No surprise to those of us who have known it for years, of course
The Forde Report, which was finally released today two years after it was promised, has been rightly criticised for its determination to ‘both-sides’ abuse by party staff when the evidence is overwhelming that racism, abuse and more was perpetrated by right-wing factionalists at Labour’s ‘Southside’ HQ.
And it has been condemned for claiming, risibly, that there was no intentional sabotage of Corbyn’s leadership and the 2017 general election campaign, soft-soaping or outright ignoring abundant evidence to the contrary, leading cynics to conclude that the two-year delay involved the insertion of various sections or phrases helpful to the Labour right’s attempt to spin away the unavoidable damning sections of the inquiry’s conclusions – of which there are many.
The inquiry has already been shown to have found that right-wing Labour staffers were racist abusers who wrongly diverted election funds for their own purposes and – crucially – that the issue of antisemitism was indeed weaponised against Jeremy Corbyn for factional gain.
And it also concludes – again as Skwawkbox revealed at the time and many Labour members agreed – that party staff conducted a purge during Corbyn’s second leadership election in 2016 specifically designed to remove as many members and supporters as possible who condemned the disgraceful behaviour of right-wing MPs and were likely to vote for Jeremy Corbyn to remain leader:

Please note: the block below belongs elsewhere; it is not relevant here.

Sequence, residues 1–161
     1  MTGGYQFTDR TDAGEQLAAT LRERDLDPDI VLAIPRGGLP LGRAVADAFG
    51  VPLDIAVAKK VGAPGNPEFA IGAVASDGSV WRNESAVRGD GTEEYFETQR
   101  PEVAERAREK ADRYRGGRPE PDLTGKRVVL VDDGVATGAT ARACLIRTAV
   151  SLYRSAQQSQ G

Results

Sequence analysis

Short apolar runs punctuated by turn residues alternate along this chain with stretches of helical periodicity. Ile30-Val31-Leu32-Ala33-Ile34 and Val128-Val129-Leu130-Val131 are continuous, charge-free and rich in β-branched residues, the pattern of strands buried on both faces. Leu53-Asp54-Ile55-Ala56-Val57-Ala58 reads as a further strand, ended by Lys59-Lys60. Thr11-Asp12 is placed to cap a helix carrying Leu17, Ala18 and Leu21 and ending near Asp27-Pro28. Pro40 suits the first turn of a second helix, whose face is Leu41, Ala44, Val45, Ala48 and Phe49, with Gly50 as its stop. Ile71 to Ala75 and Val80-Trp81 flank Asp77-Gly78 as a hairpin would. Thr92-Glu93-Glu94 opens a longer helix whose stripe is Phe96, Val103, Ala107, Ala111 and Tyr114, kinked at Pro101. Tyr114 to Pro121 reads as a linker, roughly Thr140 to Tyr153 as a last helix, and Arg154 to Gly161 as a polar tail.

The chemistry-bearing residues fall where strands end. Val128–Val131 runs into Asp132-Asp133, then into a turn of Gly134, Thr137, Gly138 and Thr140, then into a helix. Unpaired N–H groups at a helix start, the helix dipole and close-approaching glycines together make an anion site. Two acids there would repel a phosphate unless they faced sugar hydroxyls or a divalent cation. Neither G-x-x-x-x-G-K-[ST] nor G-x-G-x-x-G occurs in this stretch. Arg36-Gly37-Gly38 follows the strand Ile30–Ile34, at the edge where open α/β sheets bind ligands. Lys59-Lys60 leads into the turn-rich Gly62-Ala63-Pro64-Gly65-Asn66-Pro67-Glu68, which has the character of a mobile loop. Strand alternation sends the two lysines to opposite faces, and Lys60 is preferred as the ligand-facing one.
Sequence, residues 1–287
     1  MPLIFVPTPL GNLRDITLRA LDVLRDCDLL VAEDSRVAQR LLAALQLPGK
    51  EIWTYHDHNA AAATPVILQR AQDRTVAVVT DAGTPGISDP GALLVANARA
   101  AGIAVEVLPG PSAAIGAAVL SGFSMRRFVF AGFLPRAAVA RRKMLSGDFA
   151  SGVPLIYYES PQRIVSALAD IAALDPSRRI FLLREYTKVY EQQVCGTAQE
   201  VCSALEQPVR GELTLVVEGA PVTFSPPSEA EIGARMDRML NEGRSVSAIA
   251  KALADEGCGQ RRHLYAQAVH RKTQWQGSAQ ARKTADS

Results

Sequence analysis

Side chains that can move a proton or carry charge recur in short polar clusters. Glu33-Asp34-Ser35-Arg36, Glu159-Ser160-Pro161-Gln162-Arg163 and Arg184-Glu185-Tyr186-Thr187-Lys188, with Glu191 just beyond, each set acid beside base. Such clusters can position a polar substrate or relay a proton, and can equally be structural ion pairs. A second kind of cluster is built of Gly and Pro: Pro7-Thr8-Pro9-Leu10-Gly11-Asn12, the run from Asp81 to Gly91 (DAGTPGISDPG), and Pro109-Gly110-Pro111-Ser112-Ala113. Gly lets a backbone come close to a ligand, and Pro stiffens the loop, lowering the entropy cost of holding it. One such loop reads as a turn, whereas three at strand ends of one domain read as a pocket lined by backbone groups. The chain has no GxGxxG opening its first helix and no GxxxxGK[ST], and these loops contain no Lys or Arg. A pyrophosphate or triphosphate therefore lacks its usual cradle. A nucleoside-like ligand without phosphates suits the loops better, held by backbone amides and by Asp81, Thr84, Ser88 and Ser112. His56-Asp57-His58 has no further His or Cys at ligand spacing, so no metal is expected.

None of the GLU witnesses we spoke to accepted that there None of the GLU witnesses we spoke to accepted that there was any particular focus on removing ballots from members on the Left (and indeed some suggested that the focus had in fact been on Right entryism): “there was absolutely no coordinated attempt to ‘block’ Jeremy Corbyn supporters from voting, unless their application failed to meet the rules of the contest”.
The fact is, however, that GLU staff had a substantial role in deciding how those rules were interpreted, for example by choosing the list of search terms in relation to abusive posts. The list of flagged words should have been agreed by GLU and the NEC, and published transparently.
We can see no legitimate non-factional reason why the search tool was apparently designed only to catch abuse aimed at MPs on the centre and Right of the Party, and to ignore the majority of abuse aimed at MPs on the Left (including Jeremy Corbyn).
The names of all MPs could easily have been included. Instead, it seems likely that problematic behaviour by individuals on the Right (for example, abusive tweets at Jeremy Corbyn) were not investigated, because they were not searched for. If the concern was about Right entryism, that was a strange decision.
C2.25 In our view the intention and effect of both validation exercises was to remove ballots from individuals who would otherwise have voted for Jeremy Corbyn. It does not seem to us credible to suggest that the exercise (in particular the social media component) was not targeted at applicants and members on the Left.
The inquiry’s conclusion – based on a mass of evidence – that party staff tried to oust Corbyn by blocking his supporters in the leadership ballot shines an even more unflattering light on its determination to whitewash the campaign of intentional sabotage conducted to try to remove him via a planned heavy general election defeat the following year.
But that whitewash also makes even more damning the findings on the behaviour of right-wing Labour figures that the report cannot help but acknowledge.
SKWAWKBOX needs your help. The site is provided free of charge but depends on the support of its readers to be viable. If you’d like to help it keep revealing the news as it is and not what the Establishment wants you to hear – and can afford to without hardship – please click here to arrange a one-off or modest monthly donation via PayPal or here to set up a monthly donation via GoCardless (SKWAWKBOX will contact you to confirm the GoCardless amount). Thanks for your solidarity so SKWAWKBOX can keep doing its job.
If you wish to republish this post for non-commercial use, you are welcome to do so – see here for more.